Generating html

How do you generate html outside of a view? I’m trying to use link_to
to generate html for a link.
I’ve included ActionView, ActionView::Helpers,
ActionView::Helpers::UrlHelper,
and ERB::Util, but the system says I’m calling url_for from a nil
object.
I checked my user code and added code to make sure each object exists
(is not null) before trying to use it. I can’t figure out what I
might have missed,
and the error seems to be occurring deep inside the libraries.
So maybe something else isn’t getting included?
Here’s the stack trace in case that helps:

You have a nil object when you didn’t expect it!
The error occurred while evaluating nil.url_for

RAILS_ROOT: /usr/home/dan/progg/rails/articles/config/…
Application Trace | Framework Trace | Full Trace

/usr/local/lib/ruby/gems/1.8/gems/actionpack-1.13.6/lib/action_view/
helpers/url_helper.rb:27:in send' /usr/local/lib/ruby/gems/1.8/gems/actionpack-1.13.6/lib/action_view/ helpers/url_helper.rb:27:inurl_for’
/usr/local/lib/ruby/gems/1.8/gems/actionpack-1.13.6/lib/action_view/
helpers/url_helper.rb:75:in link_to' /usr/home/dan/progg/rails/articles/app/helpers/category_helper.rb: 25:innode_html’
/usr/home/dan/progg/rails/articles/app/helpers/category_helper.rb:
15:in children_html' /usr/home/dan/progg/rails/articles/app/helpers/category_helper.rb: 14:ineach’
/usr/home/dan/progg/rails/articles/app/helpers/category_helper.rb:
14:in children_html' /usr/home/dan/progg/rails/articles/app/helpers/category_helper.rb: 40:intree_html’
/usr/home/dan/progg/rails/articles/app/controllers/
category_controller.rb:17:in tree' /usr/local/bin/mongrel_rails:19:inload’
/usr/local/bin/mongrel_rails:19

danb wrote:

How do you generate html outside of a view? I’m trying to use link_to
to generate html for a link.

i am not 100% sure what you are trying to do…

i don’t get the details, why use this outside a view? and if necessary,
where exactly did you place the rb file containing your code?

otherwise the stack trace looks not that strange. if all objects exist
and are not nil, my guess would be, that your routing has a bug. does
link_to with the same attributes work in a view?

danb wrote:

How do you generate html outside of a view?
I’m trying to use link_to to generate html for a link.

gemblon (t.b.) wrote:

i am not 100% sure what you are trying to do…

Thorsten M. wrote:

i don’t get the details, why use this outside a view? and if necessary,
where exactly did you place the rb file containing your code?

in helpers/category:

module CategoryHelper
class CategoryHtml < Category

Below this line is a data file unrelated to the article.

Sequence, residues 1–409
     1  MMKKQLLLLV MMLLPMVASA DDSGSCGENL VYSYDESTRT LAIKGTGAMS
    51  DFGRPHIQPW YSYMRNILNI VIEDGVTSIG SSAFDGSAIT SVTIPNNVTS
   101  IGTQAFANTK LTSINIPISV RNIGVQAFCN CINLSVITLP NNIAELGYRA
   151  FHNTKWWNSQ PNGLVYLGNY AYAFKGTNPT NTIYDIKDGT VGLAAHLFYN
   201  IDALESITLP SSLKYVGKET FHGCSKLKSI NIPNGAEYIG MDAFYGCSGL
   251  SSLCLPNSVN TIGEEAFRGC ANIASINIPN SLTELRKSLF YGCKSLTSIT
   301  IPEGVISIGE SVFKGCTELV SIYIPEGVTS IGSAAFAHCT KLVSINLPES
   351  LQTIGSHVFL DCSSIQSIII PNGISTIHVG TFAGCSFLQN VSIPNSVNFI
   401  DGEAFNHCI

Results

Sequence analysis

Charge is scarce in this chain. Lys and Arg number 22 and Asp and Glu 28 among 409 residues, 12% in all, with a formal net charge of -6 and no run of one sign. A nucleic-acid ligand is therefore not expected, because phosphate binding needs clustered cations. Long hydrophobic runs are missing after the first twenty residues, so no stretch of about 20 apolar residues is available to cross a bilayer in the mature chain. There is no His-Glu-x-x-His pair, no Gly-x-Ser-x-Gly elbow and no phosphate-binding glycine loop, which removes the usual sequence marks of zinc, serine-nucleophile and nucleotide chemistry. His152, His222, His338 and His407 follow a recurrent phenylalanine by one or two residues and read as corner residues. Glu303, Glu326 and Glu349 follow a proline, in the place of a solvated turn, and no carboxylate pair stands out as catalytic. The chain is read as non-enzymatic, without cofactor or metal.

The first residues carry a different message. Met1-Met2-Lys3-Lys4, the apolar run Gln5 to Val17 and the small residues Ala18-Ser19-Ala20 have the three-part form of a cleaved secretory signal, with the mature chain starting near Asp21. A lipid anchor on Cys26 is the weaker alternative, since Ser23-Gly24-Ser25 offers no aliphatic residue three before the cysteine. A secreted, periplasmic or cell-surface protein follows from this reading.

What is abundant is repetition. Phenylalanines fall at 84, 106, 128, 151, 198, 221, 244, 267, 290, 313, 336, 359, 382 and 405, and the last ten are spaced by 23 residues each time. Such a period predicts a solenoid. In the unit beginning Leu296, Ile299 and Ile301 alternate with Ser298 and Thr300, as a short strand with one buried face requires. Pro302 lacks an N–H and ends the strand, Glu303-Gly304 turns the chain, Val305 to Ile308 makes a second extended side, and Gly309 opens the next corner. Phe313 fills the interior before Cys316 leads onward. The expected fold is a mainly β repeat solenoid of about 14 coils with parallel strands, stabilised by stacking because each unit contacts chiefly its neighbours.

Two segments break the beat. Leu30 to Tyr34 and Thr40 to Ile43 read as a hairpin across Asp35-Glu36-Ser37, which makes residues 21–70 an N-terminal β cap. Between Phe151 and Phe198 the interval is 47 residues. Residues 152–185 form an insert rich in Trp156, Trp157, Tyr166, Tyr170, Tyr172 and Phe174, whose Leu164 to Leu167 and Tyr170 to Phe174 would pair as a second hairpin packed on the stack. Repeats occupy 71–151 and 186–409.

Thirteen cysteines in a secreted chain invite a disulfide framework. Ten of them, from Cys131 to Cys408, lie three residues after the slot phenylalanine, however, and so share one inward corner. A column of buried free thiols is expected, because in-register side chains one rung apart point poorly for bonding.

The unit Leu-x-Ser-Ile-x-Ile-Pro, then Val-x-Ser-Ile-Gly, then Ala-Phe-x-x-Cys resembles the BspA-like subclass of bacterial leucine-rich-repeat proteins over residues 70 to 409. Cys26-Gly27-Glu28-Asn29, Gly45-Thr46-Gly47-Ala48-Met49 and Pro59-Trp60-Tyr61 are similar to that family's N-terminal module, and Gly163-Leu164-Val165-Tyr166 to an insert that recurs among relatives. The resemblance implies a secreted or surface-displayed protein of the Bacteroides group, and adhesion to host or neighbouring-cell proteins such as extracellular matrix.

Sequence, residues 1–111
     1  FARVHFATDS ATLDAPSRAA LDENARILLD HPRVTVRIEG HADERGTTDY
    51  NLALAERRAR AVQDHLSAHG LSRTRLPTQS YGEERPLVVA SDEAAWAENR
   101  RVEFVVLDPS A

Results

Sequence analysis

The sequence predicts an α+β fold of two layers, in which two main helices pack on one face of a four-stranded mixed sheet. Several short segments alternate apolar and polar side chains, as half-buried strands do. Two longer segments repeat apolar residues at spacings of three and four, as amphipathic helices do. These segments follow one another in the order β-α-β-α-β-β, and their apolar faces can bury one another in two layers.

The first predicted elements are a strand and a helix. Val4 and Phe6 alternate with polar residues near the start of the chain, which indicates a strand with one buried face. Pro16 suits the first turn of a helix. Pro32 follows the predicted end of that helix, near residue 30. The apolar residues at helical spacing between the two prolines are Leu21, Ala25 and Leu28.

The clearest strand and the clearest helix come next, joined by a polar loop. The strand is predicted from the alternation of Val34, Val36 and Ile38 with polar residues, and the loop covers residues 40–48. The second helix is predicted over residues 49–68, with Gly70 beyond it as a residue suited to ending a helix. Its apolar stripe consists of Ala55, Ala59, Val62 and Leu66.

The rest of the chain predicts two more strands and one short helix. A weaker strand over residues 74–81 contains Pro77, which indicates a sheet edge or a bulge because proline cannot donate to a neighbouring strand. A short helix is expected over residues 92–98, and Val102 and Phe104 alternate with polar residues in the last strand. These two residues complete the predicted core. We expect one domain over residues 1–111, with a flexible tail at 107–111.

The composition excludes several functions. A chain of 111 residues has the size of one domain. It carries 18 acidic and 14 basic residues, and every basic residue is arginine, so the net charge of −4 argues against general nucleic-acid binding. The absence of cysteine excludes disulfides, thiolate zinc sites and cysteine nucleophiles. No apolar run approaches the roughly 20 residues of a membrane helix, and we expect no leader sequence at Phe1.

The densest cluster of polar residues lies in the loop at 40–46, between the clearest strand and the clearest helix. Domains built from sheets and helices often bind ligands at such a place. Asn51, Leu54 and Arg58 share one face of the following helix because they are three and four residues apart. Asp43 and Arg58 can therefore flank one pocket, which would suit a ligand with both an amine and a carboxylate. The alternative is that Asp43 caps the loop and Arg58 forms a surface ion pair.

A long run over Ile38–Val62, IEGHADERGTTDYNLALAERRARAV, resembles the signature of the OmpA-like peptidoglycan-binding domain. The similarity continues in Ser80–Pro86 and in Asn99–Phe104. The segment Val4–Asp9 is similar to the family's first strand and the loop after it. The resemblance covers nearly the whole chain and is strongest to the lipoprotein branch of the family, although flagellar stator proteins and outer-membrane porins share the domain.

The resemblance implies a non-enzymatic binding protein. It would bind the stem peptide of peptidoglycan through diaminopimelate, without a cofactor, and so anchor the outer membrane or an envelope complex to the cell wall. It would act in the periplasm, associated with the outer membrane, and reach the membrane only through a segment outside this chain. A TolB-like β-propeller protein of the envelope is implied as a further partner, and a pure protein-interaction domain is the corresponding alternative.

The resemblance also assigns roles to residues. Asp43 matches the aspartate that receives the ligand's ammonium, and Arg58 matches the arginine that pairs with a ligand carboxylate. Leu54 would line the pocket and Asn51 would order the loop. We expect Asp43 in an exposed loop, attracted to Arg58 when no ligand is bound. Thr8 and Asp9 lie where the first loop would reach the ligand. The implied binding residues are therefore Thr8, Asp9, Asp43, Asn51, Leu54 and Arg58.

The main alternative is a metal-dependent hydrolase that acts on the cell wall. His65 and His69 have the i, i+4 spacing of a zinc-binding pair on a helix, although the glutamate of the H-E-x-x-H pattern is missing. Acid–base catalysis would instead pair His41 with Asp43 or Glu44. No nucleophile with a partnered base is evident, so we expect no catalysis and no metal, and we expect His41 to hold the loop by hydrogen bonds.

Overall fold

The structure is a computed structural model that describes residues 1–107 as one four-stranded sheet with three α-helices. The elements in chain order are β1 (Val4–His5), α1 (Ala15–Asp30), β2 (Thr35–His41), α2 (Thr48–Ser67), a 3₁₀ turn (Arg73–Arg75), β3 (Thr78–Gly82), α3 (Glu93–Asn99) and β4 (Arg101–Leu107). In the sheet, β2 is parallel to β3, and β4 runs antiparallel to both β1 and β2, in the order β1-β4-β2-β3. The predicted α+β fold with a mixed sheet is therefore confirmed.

otherwise the stack trace looks not that strange. if all objects exist
and are not nil, my guess would be, that your routing has a bug.
does link_to with the same attributes work in a view?

Yes, I copied the code straight out of a view that was working for
a flat list.

The db contains a virtual tree structure, sort of like a file system.
Each row (node) a has a parent_id column that points to the row that
the
current row is a branch of. The parent_id of the root node/row is nil/
null.

Now I want to view the tree by recursively calling a method that
returns a piece of html for the row (branch in the tree) passed to it
as an argument. All the little pieces of html get concatenated and
pasted into a view as a single string of pure html.

But views don’t take arguments, do they? A view would work if
it could take an argument, but it doesn’t look like they can.

But views don’t take arguments, do they? A view would work if
it could take an argument, but it doesn’t look like they can.

On Dec 3, 1:13 pm, Thorsten M. [email protected]
wrote:

in erb tags? whatever you define in a controller with an @
can be used in the view

Right, but what I’m talking about here is a partial that has multiple
copies rendered together on a page, and while the html is being
generated, there’s a stack of calls to the partial that have been
entered, but not yet exited. The stack contains the rows in the db
corresponding to a chain of nodes in the tree,

So there would be multiple values of @category or whatever that
have to be remembered while rendering the page, and the number
and structure of the rows is determined at runtime. It’s a lot
harder
without a method or something that can take its own local argument.

partials can take arguments with :locals like
<%= render :partial => “my_partial”, :locals => {:category => @category}
%>

you can make that as complex as you want by handing over arrays or
hashes
and of course, the partial could render itself recursively, since it is
a kind of method anyway

But views don’t take arguments, do they? A view would work if
it could take an argument, but it doesn’t look like they can.

in erb tags? whatever you define in a controller with an @ can be used
in the view

so in the controller:
@foo = 5

and in the view:
<%= @foo %>

would output 5

and of course you can use code:

    <% @mylist.each do |list| %>
  • <%= list.name %>
  • <% end %>

woul throw out a ul with names out of the list.

On Dec 3, 1:52 pm, Thorsten M. [email protected]
wrote:

partials can take arguments with :locals like
<%= render :partial => “my_partial”,
:locals => {:category => @category} %>

That’s it! Thorsten, you’re a genius! My gosh, I was starting to
lose hope. Anyway, the code’s working now, so my faith in Rails
is restored. Thanks Thorsten, I appreciate the help.

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